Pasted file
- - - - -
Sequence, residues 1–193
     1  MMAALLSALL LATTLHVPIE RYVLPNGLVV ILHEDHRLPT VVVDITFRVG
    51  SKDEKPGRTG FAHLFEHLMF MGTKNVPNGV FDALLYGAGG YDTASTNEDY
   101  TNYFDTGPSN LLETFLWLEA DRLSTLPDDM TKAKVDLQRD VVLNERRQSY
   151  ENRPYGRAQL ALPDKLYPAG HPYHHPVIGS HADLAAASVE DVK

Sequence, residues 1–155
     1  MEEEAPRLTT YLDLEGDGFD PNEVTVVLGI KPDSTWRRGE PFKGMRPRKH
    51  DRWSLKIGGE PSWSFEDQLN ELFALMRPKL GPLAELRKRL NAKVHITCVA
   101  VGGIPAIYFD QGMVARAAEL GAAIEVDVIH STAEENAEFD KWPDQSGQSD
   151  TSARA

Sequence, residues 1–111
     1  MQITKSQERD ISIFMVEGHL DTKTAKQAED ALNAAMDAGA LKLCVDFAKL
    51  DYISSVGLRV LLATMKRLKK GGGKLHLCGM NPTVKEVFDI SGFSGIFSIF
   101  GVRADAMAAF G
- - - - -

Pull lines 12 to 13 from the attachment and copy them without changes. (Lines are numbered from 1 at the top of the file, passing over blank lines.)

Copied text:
     1  MQITKSQERD ISIFMVEGHL DTKTAKQAED ALNAAMDAGA LKLCVDFAKL
    51  DYISSVGLRV LLATMKRLKK GGGKLHLCGM NPTVKEVFDI SGFSGIFSIF